What You Didn’t Know
Get ready folks because this section is going to be LONG! We begin with the fact that Teddy Hart is the youngest wrestler to ever be signed by WWE. You read that right; even after all these years Teddy remains the youngest person WWE has ever brought aboard, signing with the mother ship of wrestling when he was only eighteen years old and going on to train with the legendary Dory Funk Jr. in preparation for his debut. Clearly you can tell WWE had big things planned for Teddy. Why didn’t they happen? As many will tell you (including Teddy himself), Teddy was his own undoing, with attitude problems and a lack of motivation ultimately contributing to him getting released from WWE four years into his deal. Not surprisingly Teddy would get a second chance, signing another deal with WWE in 2007 to join Natalya, Smith and Kidd (then known under his real name T.J. Wilson). All indications are that Teddy was going to be a huge player for WWE, with the company putting him and the rest of his family together (along with Ted Dibiase Jr.) to form The Next Generation Hart Foundation in Florida Championship Wrestling. Right before the stable was supposed to be called up however Teddy was released; it’s not really known why, but you could make the assumption that the issues that haunted him in the past came back to bite him in the ass again here. Needless to say Teddy has never appeared for WWE again and the Next Generation Hart Foundation wouldn’t officially debut on the WWE roster until over a year later, this time renamed the Hart Dynasty and featuring only Kidd, Smith and Natalya. Yet another case of what might’ve been huh?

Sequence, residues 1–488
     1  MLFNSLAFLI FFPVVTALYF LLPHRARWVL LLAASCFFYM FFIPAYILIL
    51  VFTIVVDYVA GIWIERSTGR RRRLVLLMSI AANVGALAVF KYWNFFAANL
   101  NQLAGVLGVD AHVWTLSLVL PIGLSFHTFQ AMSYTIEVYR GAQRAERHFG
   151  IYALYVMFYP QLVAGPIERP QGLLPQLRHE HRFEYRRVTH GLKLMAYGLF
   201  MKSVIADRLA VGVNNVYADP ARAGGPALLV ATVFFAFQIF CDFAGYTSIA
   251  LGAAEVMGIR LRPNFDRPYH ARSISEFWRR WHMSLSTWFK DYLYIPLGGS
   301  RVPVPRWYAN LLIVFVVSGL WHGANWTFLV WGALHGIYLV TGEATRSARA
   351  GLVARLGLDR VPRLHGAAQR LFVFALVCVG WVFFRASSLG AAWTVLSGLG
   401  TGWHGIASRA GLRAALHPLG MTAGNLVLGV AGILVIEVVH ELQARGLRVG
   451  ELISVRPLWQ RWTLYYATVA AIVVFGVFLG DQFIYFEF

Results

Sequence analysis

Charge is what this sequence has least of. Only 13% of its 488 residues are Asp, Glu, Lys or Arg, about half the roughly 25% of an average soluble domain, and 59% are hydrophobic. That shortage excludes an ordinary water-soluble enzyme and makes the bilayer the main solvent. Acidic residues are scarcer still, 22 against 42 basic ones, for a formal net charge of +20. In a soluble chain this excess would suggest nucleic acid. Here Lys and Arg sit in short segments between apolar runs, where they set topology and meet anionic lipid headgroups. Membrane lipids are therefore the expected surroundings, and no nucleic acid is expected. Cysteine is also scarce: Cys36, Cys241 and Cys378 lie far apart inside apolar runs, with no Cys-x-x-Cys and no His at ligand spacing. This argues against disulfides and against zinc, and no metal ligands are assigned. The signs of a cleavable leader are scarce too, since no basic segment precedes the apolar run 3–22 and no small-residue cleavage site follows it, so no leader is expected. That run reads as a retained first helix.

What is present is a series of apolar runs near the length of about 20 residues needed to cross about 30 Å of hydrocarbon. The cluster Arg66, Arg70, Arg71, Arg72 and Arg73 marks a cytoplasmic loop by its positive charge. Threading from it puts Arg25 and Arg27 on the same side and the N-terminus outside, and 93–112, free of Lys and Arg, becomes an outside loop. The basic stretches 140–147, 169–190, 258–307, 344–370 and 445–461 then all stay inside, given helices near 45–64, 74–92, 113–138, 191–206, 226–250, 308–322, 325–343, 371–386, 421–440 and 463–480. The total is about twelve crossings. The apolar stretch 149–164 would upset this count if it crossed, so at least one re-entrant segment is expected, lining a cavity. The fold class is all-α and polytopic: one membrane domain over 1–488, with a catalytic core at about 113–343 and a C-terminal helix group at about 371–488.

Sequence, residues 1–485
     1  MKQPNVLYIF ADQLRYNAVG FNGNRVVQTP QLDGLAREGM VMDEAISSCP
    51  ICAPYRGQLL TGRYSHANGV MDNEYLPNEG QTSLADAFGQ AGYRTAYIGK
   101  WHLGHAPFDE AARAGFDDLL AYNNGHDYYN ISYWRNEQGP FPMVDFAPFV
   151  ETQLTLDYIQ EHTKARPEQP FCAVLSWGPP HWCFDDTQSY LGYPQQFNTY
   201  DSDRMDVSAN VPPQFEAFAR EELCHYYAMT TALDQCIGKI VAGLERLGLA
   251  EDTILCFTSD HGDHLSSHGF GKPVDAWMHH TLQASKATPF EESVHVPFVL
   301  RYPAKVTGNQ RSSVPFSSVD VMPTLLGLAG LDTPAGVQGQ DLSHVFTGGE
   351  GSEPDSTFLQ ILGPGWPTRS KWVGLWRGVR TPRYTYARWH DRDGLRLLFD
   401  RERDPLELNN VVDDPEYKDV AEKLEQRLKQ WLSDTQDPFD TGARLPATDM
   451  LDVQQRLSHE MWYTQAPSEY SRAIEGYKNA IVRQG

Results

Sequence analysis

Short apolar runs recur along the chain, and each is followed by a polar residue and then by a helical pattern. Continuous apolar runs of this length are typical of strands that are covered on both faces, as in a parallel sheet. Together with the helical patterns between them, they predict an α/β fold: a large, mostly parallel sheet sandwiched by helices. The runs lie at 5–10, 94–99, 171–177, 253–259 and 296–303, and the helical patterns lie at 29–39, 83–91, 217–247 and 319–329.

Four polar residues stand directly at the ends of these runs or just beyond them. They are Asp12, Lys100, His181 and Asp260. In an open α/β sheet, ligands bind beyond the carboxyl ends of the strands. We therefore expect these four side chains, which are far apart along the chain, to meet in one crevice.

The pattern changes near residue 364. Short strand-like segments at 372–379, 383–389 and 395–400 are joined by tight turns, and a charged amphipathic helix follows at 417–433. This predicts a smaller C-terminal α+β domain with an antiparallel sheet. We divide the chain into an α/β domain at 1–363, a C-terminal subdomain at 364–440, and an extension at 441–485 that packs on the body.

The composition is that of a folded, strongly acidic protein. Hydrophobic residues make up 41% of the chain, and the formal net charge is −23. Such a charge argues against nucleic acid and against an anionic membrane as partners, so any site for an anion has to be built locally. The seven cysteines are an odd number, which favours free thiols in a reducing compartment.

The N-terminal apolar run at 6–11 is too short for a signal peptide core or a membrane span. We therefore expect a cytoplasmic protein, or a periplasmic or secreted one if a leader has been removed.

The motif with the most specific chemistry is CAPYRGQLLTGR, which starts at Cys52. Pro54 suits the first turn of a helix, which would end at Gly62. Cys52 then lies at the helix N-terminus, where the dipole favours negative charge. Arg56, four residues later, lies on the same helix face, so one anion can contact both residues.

The lack of exposure from WWE, TNA or ROH didn’t stop Teddy from wrestling however, and as it turns out he had one last link to his days training in the Hart Dungeon; his good friend Jack Evans. Another member of the last group of Hart trainees, Evans was bizarrely never given a look by any of the major companies either (outside of ROH), which allowed him to team up with Teddy frequently on the indies. The duo became mainstays in the New Jersey independent Jersey All Pro Wrestling, where they captured the JAPW Tag Team Championships in a Steel Cage match in 2005. Even after they lost the titles and Evans moved on, Hart remained a mainstay in JAPW, winning both the JAPW Light Heavyweight and JAPW Heavyweight Championships while having a series of high profiles matches with big names like Jay Lethal, Frank Kazarian and A.J. Styles (the Lethal match was most notable for Hart hitting the current ROH Champion with a moonsault off a soda machine. Wonder if it was a Sunkist one!). He has continued to make sporadic appearances for the company since, most recently last year when he teamed with Chris Hero to take on MVP and Samoa Joe. See; not every promotion wants Teddy Hart to go away for good!